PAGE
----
Brooklyn’s Most Favorite Summertime Cheese?

ChrisatBedfordCheese / July 24, 2010, 2pm

So I’m not entirely sure how it started.  Or where.  Or when.  Maybe Rachael Ray shrieked about it on her show one day.

No.  I will not use shredded cheese or tomatillos on anything.

No. I will not use shredded cheese or tomatillos on anything.

Or was it on a previous cover of Food & Wine Magazine?  Maybe?  Last summer?  All I know is that right now, everyone’s favorite designer cheese is the Italian classic: Burrata.  It’s sort of like this season’s French Bulldog of the cheeseworld (and when did everyone get one of those smash faced, snub tailed snorters?  Damn, they’re cute but why did everyone have to go out and get out?)  Hoardes of people come waltzing into the shop, acting like Scarlett O’Hara, waving and blowing kisses to an adoring mass of fans and stop square in front of the case and demand the product.

So, I figured I’d give the reading online masses a little brief on the history of burrata so that when you sit at home in front of your A/C, pop in “Heathers,” crack open a bottle of something sparkling and alcoholic and go about mowing down on an entire ball of burrata, you’ll know what you’re getting into.

So what is this mysterious “burrata” that everyone in Williamsburg craves?

Burrata is basically a hollowed out ball of mozzarella that has been filled with mini-mozzarella shreds and cream.  It is then wrapped in asphodel leaves, which are distant relatives to the leek.  (Also in Greek legend, it’s believed that the asphodel has a strong connection to the underworld.  It was also thought to be a remedy for poisonous snake bites, against sorcery, and as food for poor Greeks!)  The leaves are an indicator as to how fresh the cheese is.  The greener the leaves, the fresher the burrata. It’s super rich and decadent and goes great with tomatoes, prosciutto, fresh cracked pepper, and light summer wines.

So onto the history.

Burrata dates back to the dawn of time.  We are thinking mid-Mesozoic era.

Ugh.  This show totally ruled.

Ugh. This show totally ruled.

Just kidding.  Burrata is actually one of the few cheeses that we are able to pinpoint to a particular time and place on a specific Italian farm.  It’s also a relatively new cheese – which may explain it’s recent rocket launch to the top of cheese popularity.

Burrata was first made about 90 years ago in the Italian town of Andria, which is in the Murgia area, which is part of the the Southeastern region of Apulia (this is like some Lord of the Rings shit right here).  Originally made on the Bianchini family farm, burrata was at first  just a really good local cheese made from the milk of their most cuddly and cute water buffalo.  (JK.  Water buffalo are huge. And smelly and actually kind of terrifying.  God bless anyone who has to milk these jerks.)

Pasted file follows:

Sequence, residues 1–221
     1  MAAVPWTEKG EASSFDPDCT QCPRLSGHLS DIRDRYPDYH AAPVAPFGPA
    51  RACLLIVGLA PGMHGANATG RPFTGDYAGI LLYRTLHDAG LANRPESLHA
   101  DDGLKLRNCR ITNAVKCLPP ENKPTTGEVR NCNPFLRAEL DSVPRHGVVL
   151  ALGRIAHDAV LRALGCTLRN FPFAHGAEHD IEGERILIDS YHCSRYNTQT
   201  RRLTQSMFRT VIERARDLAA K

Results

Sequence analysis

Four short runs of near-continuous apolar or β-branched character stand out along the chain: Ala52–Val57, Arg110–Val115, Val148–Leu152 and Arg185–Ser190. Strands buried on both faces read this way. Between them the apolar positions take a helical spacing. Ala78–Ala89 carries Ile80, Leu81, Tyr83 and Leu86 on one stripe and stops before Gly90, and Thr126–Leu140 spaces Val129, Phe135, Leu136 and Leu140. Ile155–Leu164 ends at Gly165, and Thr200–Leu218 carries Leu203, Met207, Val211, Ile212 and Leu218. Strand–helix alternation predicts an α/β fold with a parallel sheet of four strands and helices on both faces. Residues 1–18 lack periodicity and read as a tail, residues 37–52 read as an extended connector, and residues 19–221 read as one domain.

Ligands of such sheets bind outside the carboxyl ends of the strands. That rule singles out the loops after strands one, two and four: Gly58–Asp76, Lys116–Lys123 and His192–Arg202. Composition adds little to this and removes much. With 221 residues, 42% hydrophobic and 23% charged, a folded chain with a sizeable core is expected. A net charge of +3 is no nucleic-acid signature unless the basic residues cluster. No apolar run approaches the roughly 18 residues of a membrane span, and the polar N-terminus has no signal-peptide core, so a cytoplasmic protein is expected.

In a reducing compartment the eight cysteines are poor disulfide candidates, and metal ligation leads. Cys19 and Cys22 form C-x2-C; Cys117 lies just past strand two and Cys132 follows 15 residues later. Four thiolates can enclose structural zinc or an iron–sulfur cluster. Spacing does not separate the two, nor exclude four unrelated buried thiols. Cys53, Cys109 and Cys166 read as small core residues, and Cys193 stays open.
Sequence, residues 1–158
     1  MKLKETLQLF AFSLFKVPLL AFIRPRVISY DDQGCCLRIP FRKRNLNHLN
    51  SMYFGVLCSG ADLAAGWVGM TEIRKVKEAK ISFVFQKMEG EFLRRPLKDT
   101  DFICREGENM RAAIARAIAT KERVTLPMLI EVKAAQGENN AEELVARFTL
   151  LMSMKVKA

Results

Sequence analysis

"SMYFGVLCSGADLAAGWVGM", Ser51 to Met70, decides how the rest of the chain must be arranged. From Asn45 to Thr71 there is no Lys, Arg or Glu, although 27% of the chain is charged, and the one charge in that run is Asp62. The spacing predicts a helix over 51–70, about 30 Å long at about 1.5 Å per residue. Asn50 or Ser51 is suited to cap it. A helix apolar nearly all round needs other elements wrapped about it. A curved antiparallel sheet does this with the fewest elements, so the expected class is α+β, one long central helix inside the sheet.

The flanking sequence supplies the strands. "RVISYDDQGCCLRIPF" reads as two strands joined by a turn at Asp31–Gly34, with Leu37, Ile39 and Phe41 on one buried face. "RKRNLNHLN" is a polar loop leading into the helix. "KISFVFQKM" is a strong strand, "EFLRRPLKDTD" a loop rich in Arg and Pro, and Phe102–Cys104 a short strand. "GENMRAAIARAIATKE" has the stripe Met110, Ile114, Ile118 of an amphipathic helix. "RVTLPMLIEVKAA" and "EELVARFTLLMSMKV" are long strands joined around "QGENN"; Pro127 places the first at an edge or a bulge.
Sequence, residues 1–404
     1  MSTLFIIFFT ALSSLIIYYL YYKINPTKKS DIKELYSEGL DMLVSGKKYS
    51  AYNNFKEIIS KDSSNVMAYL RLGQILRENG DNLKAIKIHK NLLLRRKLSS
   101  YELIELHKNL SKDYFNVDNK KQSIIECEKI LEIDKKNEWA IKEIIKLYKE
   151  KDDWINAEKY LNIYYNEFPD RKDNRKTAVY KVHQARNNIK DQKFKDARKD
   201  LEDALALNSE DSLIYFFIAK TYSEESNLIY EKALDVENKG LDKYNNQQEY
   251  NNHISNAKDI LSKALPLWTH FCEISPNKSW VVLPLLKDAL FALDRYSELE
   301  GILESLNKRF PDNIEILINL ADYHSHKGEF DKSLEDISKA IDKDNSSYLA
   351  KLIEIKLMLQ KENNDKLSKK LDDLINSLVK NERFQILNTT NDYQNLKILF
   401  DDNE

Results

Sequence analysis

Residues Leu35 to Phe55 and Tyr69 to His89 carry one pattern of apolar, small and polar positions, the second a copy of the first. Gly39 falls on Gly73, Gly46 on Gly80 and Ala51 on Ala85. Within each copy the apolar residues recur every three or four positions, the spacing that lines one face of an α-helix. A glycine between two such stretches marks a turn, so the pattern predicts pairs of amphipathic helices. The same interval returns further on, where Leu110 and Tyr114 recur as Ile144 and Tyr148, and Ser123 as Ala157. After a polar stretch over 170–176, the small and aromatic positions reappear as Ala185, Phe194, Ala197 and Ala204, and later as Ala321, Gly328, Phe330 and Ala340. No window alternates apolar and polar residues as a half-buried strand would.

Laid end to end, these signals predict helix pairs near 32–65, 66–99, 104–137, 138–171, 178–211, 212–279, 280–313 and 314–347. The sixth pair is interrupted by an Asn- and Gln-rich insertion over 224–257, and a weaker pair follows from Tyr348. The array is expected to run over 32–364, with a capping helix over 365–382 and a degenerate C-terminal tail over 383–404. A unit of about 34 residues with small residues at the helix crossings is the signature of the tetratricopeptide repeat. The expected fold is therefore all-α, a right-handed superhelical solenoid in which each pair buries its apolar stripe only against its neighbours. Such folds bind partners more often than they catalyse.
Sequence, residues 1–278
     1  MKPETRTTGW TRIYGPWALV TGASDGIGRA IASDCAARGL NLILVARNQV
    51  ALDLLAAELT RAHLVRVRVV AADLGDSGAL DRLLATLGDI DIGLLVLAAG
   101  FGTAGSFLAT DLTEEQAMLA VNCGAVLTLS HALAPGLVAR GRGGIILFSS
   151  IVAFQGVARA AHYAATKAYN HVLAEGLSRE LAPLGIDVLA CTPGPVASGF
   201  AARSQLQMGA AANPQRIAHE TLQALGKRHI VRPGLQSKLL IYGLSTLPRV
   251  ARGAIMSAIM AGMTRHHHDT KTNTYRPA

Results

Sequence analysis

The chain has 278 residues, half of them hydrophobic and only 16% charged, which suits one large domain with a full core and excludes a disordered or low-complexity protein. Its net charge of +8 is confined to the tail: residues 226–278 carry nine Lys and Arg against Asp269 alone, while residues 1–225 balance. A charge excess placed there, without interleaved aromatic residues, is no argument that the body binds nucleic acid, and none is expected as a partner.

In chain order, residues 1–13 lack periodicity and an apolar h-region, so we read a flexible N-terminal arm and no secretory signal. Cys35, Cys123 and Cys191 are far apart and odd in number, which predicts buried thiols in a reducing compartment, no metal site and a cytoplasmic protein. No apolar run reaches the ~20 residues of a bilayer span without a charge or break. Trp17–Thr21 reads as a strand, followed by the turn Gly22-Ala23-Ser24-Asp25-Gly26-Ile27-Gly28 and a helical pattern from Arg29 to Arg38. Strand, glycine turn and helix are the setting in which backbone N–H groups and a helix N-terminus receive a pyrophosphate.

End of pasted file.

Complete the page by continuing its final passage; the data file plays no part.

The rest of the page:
The heel of Italy never tasted so good.

The heel of Italy never tasted so good.

Today, you can find burrata made from both cow and buffalo milk (the one we carry at BCS is made of cow’s milk), but originally it came from water buffalo.  Water buffalo milk is usually richer and higher in protein than cow’s milk, yielding a fattier, richer, more delicious product.  Also, buffalo milk doesn’t have carotene in it, which is a yellow pigment often found in cow’s milk.  Therefore, fresh buffalo milk cheeses will always be PURE WHITE.  How’s that for supremacy?  But, the only problem is that buffalo milk cheeses tend to be twice as expensive as any others.  Mainly because of the white thing.  I can’t make this kind of thing up, people.

Anywho, back to the legend of Burrata from the Bianchini Farm in the town of Andria in the area of Murgia in the region of Apulia.  (I’m telling you.  Lord of the Rings.)  So it was just a humble farmstead cheese.  Then, in the post WW2 factory boom where food and everything went all factory on us, a couple of factories started making burrata.  It became popular in factories that also made mozzarella, because it meant that all of the scraps of the mozzarella could be used.  Nothing would go to waste!  So these factories would fill their hollow balls of mozzarella with “ritagli” (or “rags”) that were left over from earlier mozzarella production.  Talk about SuStAiNaBlE!!!!  But even then, it didn’t really leave the ethereal plains of Apulia because it was such a fresh product.  It needed to be refrigerated from start to finish.  So, burrata didn’t make it out of Italy until the invention of really good refrigerated shipping.  And didn’t make it to the U.S. until the cocaine boom in the 90′s when everyone craved things that were only PURE WHITE.

These days, fresh burrata is flown into the country one day a week.  Usually Wednesday night or Thursday morning.  So it is literally the party boy of the cheese world.  It only shows up for the weekend and then disappears until the following Friday evening.

Literally. Party boy.

Ok, that’s all I can really say about burrata. I filled up a lot of space about this one cheese, but it has literally been on my BRAINZ for like 2 months now. Seriously people. Let’s ditch the burrata and let’s talk some Tomme de Bordeaux because OH MY GAWD that would be good with some sparkling rose. Ok. That is all.

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